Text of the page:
•    The electrical activity of a muscle in response to stimulation.
•    The nature and speed of the conduction of electrical impulses along a nerve.

To measure electrical currents in your facial muscles, tiny needles are inserted into a muscle to be tested.  The needles are connected to an electronic recording device by a wire.  Recordings of electrical activity are made when your muscle is at rest, and as you voluntarily tighten it.  The patterns of activity appear on a screen and may be recorded on film for further analysis.

To study your nerves, two small recording electrodes are taped on to your skin above the nerve to be tested.  We can’t see them, but we know where they are or should be.  Then a little instrument applies a mild shock over the nerve.  The electrical signal moves down the nerve, passing under the electrode.  We can compare the recording of the signal at each electrode site, and we can calculate the time it takes to travel between them.  The speed of conduction along the nerve is thus determined.

By these tests on your facial nerves, we can determine whether and how much they are damaged, and by testing your facial muscle, we can tell how well they are receiving electrical impulses from these same nerves.  Electricians and technical people should have no trouble understanding this bit.  If you don’t, don’t worry about it.  The doctors will have it under control.

COMPLICATIONS

If damage to your facial nerve is unusually severe, nerve fibers may be irreversibly damaged, leaving you with a permanent paralysis.

Sometimes misdirected re-growth of nerve fibers can occur, leading to involuntary contractions of certain muscles when you’re trying to move others.  For example, you may be smiling, only to find your eye on the affected side may close.

HOW BELL’S TREATED?

Well, we don’t really know the cause, so we can’t treat what we don’t know.  It’s not like when we know, for example, the bacteria that infects your tonsils and can easily treat that.  Besides, most cases are not going to last very long, and yet still we are not sure that what we do makes a difference.

But we may try:

Anti-inflammatory medication: These may reduce inflammation and swelling in the bony channel that the facial nerve travels through.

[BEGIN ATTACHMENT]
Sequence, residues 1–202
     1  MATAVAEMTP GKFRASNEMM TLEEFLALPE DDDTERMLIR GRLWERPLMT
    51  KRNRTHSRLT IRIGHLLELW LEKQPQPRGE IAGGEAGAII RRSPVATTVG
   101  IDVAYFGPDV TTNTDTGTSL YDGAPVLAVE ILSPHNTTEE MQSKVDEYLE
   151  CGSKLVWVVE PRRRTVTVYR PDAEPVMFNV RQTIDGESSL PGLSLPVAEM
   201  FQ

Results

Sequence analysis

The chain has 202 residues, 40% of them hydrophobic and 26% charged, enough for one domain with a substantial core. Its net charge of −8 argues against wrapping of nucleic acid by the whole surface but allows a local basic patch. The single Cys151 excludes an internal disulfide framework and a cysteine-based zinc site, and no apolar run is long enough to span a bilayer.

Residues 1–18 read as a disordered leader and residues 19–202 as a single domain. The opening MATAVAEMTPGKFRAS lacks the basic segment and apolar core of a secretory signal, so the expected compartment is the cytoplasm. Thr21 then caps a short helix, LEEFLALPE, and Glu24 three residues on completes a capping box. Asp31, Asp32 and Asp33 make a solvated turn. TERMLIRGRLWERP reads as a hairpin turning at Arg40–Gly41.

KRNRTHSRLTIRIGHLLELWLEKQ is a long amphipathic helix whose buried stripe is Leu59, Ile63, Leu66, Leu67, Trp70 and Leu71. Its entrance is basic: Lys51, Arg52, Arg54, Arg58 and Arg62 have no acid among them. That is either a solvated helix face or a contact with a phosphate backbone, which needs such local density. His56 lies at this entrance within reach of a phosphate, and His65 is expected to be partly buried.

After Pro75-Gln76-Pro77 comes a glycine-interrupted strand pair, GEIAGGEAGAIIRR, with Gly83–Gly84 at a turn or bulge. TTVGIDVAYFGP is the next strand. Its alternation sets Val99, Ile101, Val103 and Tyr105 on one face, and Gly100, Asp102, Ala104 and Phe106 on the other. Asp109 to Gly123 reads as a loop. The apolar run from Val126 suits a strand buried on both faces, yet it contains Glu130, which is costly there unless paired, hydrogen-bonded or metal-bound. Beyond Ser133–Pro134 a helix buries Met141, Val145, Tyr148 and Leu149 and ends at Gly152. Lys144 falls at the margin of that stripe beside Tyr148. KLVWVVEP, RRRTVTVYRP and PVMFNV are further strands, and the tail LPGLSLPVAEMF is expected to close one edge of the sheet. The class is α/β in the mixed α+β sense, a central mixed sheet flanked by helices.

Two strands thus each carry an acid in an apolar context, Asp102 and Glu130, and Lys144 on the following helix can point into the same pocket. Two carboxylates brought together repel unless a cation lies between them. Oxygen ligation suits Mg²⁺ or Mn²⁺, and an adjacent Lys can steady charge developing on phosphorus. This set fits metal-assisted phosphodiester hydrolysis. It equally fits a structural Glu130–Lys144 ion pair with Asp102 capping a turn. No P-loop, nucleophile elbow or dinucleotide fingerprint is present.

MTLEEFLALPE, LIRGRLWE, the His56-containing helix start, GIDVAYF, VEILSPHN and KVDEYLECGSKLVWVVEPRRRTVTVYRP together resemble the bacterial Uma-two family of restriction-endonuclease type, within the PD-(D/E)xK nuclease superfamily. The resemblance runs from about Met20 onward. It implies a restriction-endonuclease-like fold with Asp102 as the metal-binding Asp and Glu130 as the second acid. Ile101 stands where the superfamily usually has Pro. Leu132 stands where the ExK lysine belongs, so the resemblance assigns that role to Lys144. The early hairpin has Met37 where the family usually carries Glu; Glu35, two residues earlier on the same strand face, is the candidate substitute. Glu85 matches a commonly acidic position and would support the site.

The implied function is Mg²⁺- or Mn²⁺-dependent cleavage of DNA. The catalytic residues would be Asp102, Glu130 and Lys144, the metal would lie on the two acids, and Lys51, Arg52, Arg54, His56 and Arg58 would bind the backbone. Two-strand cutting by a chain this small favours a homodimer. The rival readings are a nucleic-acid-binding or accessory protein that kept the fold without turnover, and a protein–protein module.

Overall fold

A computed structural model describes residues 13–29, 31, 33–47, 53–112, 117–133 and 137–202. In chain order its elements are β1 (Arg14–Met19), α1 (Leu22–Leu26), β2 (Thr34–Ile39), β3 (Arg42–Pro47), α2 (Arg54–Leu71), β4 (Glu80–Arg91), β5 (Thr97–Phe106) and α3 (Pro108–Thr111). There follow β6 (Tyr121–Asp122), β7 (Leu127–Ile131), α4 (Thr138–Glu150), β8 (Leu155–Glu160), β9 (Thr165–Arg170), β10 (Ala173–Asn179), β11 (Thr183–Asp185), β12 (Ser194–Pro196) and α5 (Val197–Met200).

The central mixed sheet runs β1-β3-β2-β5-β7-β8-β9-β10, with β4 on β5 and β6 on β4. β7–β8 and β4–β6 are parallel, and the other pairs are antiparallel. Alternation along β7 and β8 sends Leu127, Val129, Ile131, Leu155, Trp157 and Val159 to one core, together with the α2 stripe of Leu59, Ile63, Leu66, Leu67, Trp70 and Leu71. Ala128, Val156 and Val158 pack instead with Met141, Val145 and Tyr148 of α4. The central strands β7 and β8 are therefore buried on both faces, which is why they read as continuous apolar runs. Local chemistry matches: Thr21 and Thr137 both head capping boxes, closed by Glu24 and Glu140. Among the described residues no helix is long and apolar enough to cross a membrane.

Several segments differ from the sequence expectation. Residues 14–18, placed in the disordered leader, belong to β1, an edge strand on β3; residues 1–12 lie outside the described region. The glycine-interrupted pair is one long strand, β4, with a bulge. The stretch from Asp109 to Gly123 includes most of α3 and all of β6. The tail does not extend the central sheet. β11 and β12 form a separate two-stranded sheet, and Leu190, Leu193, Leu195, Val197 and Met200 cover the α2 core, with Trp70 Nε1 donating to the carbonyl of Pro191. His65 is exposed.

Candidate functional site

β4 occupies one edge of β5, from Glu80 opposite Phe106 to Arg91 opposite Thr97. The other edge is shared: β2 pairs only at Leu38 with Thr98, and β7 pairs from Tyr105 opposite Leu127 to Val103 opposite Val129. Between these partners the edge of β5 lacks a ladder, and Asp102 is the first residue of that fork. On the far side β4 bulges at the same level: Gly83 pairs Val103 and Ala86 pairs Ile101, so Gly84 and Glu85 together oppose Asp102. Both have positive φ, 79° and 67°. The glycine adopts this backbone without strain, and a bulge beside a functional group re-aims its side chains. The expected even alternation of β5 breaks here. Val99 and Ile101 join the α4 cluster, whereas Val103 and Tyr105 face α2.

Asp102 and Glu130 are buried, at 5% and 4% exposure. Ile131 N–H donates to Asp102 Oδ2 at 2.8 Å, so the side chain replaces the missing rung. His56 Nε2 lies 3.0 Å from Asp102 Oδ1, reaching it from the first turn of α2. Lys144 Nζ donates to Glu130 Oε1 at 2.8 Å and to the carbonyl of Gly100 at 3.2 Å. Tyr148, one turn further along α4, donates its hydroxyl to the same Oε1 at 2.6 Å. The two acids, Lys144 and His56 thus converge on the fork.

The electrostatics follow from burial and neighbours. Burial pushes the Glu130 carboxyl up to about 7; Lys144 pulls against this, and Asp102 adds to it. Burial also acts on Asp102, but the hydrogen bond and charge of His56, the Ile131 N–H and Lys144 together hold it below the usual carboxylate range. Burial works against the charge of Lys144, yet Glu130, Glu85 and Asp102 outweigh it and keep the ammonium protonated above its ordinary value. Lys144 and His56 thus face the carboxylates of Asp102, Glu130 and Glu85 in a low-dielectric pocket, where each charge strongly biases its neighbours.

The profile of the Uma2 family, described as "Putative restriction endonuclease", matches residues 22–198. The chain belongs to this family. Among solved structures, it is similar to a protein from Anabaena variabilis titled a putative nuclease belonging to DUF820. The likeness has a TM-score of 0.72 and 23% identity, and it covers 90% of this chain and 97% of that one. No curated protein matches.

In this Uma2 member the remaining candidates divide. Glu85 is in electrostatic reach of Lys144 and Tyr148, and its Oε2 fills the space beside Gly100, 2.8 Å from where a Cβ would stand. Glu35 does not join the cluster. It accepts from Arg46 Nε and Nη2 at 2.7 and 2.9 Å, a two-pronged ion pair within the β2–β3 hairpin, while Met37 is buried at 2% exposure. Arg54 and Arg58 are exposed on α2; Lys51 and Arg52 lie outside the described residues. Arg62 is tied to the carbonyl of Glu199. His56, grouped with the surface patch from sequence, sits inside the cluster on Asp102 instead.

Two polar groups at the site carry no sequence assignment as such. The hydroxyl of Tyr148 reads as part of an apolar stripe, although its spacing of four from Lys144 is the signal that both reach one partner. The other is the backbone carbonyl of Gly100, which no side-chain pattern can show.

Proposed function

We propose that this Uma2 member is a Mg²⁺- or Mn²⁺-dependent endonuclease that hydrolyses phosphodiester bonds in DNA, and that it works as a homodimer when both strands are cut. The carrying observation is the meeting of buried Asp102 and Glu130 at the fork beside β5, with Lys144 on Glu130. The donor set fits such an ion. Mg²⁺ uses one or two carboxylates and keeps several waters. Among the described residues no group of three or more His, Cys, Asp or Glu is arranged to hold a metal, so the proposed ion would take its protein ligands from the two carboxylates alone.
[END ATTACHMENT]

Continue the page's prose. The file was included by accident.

If we feel strongly that a virus is causative, such as the herpes virus, we may give an antiviral drug which can control, not cure it.  Remember.

Massage:
 Facial massage may help prevent disfigurements (contractures) of the paralysed muscles before recovery takes place.

CAN YOU HELP YOURSELF?

Yes, you can.  Because you cannot blink on the weak side of your face, damage to the outer layer (cornea) of your eye can occur due to it drying out.  It can become cloudy and even develop an ulcer which can interfere with vision.  You will need to protect your eye using artificial tears, an eye patch, or a transparent eye shield attached to your face with tape.

See you next week.

Dr. Emanuel, based in the Commonwealth of Dominica, has been an educator of medical professionals, in training and the public, for over 20 years.

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3 COMMENTS

  1. I was diagnosed with Bell's 4 days after giving birth to my daughter in February of this year. It was scary since i did not know what it was, thought i was having a stroke. I was put on 12 pills(steroids) per day and after 2 weeks i start seeing progress. My face is now back to normal but at times i can still feel a little pain on the affected side.

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  2. I was diagnosed with this condition about 1 mnth after I gave birth. Luckily I detected something wrong before one could actually see I had Bells. With my steroids and vitamin b complex it was gone by α week

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  3. I was diagnosed with Bell's Palsy 20 years ago. I massaged the affected side of my face and took Vitamin C and B-complex. It cleared up within a week. I think acupuncture would also help.